The Other Side of the Wind (2018). 122 minutes. Directed by Orson Welles. Starring John Huston (as J. J. “Jake” Hannaford), Peter Bogdanovich (as Brooks Otterlake), Susan Strasberg (as Juliette Rich), Norman Foster (as Billy Boyle), Oja Kodar (as the Actress), Bob Random (as John Dale), Joseph McBride (as Marvin Pister), Lilli Palmer (as Zarah Valeska), Edmond O’Brien (as Pat Mullins), Mercedes McCambridge (as Maggie Noonan), Cameron Mitchell (as Matt “Zimmie” Zimmer), Dan Tobin (as Dr. Bradley Pease Burroughs), Cathy Lucas (as Mavis Henscher), and Tonio Selwart (as the Baron). Featuring Henry Jaglom, Paul Mazursky, Claude Chabrol, Curtis Harrington, and Dennis Hopper as themselves. Cinematography by Gary Graver. Edited by Bob Murawski and Orson Welles. Produced by Frank Marshall and Filip Jan Rymsza.
This November, 48 years after its first day of shooting, Orson Welles’s film The Other Side of the Wind was finally released to the general public on Netflix. The film was not Welles’s last (he left … Read the rest “The Other Side of the Wind (2018)”
This 31-minute audio recording was made by film critic, screenwriter, and actor Joseph McBride on August 23, 1970—the first day of shooting on The Other Side of the Wind, Orson Welles’s film about the last day in the life of fictional director J. J. “Jake” Hannaford (played by John Huston). The recording features McBride (as Marvin Pister) rehearsing a scene with Peter Bogdanovich (as Charles Higgam) at Welles’s house in Beverly Hills, with Welles directing. Bogdanovich would later be recast as Brooks Otterlake.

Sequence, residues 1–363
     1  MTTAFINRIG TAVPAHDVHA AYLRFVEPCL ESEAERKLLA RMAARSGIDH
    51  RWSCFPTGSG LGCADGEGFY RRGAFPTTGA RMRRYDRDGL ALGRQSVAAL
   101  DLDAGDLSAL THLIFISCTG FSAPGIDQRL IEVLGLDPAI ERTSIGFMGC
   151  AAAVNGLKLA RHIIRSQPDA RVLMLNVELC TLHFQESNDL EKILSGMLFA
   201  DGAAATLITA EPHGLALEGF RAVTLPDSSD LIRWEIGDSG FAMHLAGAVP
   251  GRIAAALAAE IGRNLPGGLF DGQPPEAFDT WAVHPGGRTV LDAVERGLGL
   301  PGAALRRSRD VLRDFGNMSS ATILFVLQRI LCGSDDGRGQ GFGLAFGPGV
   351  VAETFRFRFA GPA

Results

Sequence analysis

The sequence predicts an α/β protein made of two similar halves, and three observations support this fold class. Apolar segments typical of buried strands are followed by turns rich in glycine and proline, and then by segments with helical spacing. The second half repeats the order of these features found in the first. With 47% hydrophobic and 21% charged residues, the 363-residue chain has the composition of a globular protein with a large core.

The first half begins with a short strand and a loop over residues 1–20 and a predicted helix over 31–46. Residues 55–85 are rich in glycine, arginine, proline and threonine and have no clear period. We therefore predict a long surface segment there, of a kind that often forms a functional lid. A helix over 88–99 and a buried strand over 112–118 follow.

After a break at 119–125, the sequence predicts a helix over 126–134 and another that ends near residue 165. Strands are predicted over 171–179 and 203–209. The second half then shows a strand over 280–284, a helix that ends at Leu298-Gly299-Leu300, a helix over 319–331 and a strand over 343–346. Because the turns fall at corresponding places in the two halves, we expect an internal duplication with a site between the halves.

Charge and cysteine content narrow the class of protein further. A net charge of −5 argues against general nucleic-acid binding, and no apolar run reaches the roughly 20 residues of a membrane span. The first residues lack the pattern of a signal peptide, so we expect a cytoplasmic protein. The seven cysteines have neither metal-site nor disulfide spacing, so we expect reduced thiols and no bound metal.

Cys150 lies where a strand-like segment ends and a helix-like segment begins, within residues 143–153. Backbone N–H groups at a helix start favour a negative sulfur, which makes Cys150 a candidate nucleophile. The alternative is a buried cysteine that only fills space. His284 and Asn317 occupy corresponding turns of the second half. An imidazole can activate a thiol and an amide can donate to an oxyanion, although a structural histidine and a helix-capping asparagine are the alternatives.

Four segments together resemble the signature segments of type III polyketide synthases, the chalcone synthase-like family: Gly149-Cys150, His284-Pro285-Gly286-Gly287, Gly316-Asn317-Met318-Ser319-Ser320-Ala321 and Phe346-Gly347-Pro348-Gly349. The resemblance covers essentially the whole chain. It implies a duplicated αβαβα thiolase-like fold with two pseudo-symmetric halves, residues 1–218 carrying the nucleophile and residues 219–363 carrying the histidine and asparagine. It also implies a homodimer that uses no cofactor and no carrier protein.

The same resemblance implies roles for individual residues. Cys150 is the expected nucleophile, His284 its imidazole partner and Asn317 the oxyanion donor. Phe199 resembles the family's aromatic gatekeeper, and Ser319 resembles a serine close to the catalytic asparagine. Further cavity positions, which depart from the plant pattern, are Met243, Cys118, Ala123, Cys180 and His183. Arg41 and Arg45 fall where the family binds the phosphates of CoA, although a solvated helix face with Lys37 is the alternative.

Many thanks to McBride for making the recording available to Kozak’s Classic Cinema.… Read the rest “The Other Side of the Wind (2018): First Day of Shooting (Audio)”
Director, screenwriter, producer, and actor Ernst Lubitsch (1892-1947) was considered by film luminaries such as Orson Welles, Jean Renoir, and Billy Wilder to be among the greatest of directors. Over the course of 36 years and 69 films, Lubitsch’s career survived two major transitions: the industry-wide shift from silent film to sound and the director’s own migration from Europe to the United States. He worked with some of the most brilliant screen performers of his time—including Greta Garbo, Claudette Colbert, Maurice Chevalier, James Stewart, Carole Lombard, Gary Cooper, and Miriam Hopkins, among many others—in films such as Trouble in Paradise (1932), Ninotchka (1939), The Shop Around the Corner (1940), and To Be or Not to Be (1942). Along the way, he perfected the romantic comedy, infusing it with sophistication and wit, and with a sexual humor that seems both cutting edge for its time and a breath of fresh air in our present film culture.
Why then … Read the rest “Review: Joseph McBride’s “How Did Lubitsch Do It?””